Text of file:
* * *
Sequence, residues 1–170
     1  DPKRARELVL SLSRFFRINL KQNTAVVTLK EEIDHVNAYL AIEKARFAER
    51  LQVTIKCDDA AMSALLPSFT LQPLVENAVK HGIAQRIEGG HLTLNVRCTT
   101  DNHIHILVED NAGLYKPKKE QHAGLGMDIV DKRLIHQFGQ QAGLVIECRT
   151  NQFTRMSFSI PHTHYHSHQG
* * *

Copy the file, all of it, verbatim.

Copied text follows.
Sequence, residues 1–170
     1  DPKRARELVL SLSRFFRINL KQNTAVVTLK EEIDHVNAYL AIEKARFAER
    51  LQVTIKCDDA AMSALLPSFT LQPLVENAVK HGIAQRIEGG HLTLNVRCTT
   101  DNHIHILVED NAGLYKPKKE QHAGLGMDIV DKRLIHQFGQ QAGLVIECRT
   151  NQFTRMSFSI PHTHYHSHQG